Issue Date: August 21, 2009
City: Honolulu, HI
In the tropical Pacific Ocean, about 2,500 miles from the continental United States, canoes and surfboards often dot the Hawaiian coastline.
Hawaii’s earliest settlers arrived there aboard double-hulled canoes. The islands’ Polynesian inhabitants used the boats for fishing, traveling, and exploration. The crafting of canoes included a spiritual ceremony with prayers and the selection of the wood for the boat, usually the koa tree. The boats were prized for their speed. “One man could paddle a single canoe faster than a boat’s crew could row a whaleboat,” said visitor William Ellis in 1823.
Long before the first Europeans set their eyes on Hawaii’s exotic, sun-filled beaches, the island’s Polynesian settlers practiced surfing as a spiritual art. The natives called it he’e nalu, or “wave sliding.” They asked the kahuna, or priest, to pray for strength and a good surf.
Members of Hawaii’s ruling class used the best beaches and boards. The commoners were not allowed on the same beaches, but could raise their rank in society by showing off surfing talents. Although European settlers in the 1800s discouraged Polynesian culture, surfing regained popularity in the 20th century as a recreational sport for all.
Happy Birthday, Duke Kahanamoku
Duke Paoa Kahinu Mokoe Hulikohola Kahanamoku (also known as “The Duke” and “The Big Kahuna”) was born on August 24, 1890, in Haleʻākala, Honolulu, Kingdom of Hawaii. Duke was a record-setting Olympic swimmer who helped popularize surfing outside of Hawaii.
Duke’s family was related to the Kamehamehas, who’d led Hawaii for several years – his family was considered lower-ranking nobles. When he was three, his family moved to Kālia, Waikiki, to be closer to his extended family. He grew up with five brothers, three sisters, and 31 cousins. Duke attended school there but didn’t graduate, instead leaving school to help support his family.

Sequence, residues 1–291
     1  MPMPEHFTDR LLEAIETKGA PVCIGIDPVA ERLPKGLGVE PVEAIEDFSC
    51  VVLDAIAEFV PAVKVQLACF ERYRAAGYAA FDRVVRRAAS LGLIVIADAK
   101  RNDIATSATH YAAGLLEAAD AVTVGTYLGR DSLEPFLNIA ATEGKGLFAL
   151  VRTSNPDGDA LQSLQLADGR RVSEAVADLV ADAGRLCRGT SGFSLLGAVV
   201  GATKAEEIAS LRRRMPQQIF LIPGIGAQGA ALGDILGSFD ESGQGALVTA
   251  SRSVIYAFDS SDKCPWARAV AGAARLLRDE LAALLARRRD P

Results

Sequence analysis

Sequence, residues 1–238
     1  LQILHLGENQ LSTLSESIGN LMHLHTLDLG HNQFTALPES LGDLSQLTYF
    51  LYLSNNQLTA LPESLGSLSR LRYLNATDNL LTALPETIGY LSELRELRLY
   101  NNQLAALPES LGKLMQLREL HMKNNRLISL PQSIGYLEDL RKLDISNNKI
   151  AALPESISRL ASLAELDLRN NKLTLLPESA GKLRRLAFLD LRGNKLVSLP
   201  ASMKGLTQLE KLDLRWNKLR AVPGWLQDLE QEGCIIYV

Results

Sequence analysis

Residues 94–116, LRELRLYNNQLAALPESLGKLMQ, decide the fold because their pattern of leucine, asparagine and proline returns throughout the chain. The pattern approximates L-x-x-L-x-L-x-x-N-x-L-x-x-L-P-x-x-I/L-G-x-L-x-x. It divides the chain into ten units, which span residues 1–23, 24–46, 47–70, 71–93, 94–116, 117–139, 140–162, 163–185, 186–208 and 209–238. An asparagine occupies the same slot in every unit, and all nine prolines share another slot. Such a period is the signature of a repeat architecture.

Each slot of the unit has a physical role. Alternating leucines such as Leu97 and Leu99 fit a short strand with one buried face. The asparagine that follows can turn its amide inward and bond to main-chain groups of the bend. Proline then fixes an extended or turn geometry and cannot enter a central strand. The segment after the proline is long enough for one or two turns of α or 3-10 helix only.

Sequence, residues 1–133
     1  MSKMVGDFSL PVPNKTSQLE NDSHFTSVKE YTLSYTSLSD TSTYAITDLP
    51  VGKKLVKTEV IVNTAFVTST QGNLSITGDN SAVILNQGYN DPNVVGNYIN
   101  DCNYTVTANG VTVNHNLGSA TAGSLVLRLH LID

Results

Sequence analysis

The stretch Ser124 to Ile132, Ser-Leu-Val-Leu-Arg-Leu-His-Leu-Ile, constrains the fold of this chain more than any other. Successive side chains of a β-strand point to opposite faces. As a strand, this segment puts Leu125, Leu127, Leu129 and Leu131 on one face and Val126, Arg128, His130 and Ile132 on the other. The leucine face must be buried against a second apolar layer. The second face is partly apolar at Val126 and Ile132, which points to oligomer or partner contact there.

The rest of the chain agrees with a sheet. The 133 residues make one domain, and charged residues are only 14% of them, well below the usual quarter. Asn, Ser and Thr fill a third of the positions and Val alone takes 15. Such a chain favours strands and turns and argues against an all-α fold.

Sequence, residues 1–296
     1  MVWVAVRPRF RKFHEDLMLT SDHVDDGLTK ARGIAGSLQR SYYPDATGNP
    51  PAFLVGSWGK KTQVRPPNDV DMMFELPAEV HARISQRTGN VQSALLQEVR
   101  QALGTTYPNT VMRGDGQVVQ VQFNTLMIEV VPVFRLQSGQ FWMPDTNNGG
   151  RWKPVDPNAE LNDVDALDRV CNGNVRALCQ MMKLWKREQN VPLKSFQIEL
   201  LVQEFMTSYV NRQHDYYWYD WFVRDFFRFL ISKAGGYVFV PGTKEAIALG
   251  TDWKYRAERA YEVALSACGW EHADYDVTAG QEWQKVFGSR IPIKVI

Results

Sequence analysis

Duke spent much of his spare time on the beach, surfing and swimming. Surfing was an ancient Polynesian sport that had declined in most of the Pacific by 1900. “He’enalu” (wave-sliding) was still practiced in Waikiki where Duke grew up though. He was a strong swimmer. In fact, in August 1911, he reportedly set a new 100-yard freestyle world record of 55.4 seconds, 4.6 seconds better than the existing, officially recognized world record. Duke also broke the 200-yard and 50-yard records, but the Amateur Athletic Union didn’t believe him and didn’t give him credit for these accomplishments for many years.
In spite of this snub, Duke easily qualified for the US Olympic swimming team in 1912, the first of five trips he’d make to the Olympics. In his first Olympics, in 1912, he almost slept through the 100-meter freestyle. He persuaded officials to delay the race long enough for him to put a swimsuit on, then went on to break the Olympic record and to win the gold medal.
Duke won two more gold medals at Antwerp in the 1920 games. He and his brother Samuel stood together on the podium in Paris in 1924, where Duke won the silver and Samuel won the bronze in the 100-meter freestyle event. Duke was also on the US water polo team in the 1932 Olympics but did not participate in a game.
In between his Olympic appearances and after retiring from them, Duke traveled the world for swimming exhibitions. While on these trips he also put on surfing exhibitions, which helped to popularize the sport. Previously, it wasn’t well known outside of Hawaii. Duke brought surfing to California in 1912 and lived there for several years. During his time in California, Duke worked as a background actor and character actor in several Hollywood films.
Also, while living in California, Duke helped save eight fishermen from drowning in 1925. Their boat had capsized in heavy surf and Duke used his surfboard to quickly ferry the men to shore and return to the ship to rescue more men. The local police chief said it was “the most superhuman surfboard rescue act the world has ever seen.” This event also led American lifeguards to start using surfboards in their rescues.
Duke returned to Hawaii and from 1932 to 1961 served as sheriff of Honolulu. He was the first person inducted into the Swimming and Surfing Halls of Fame. Duke has also been inducted into the US Olympic Hall of Fame and the Duke Kahanamoku Invitational Surfing Championships were named in his honor.
Duke died on January 22, 1968, of a heart attack. His ashes were scattered into the ocean.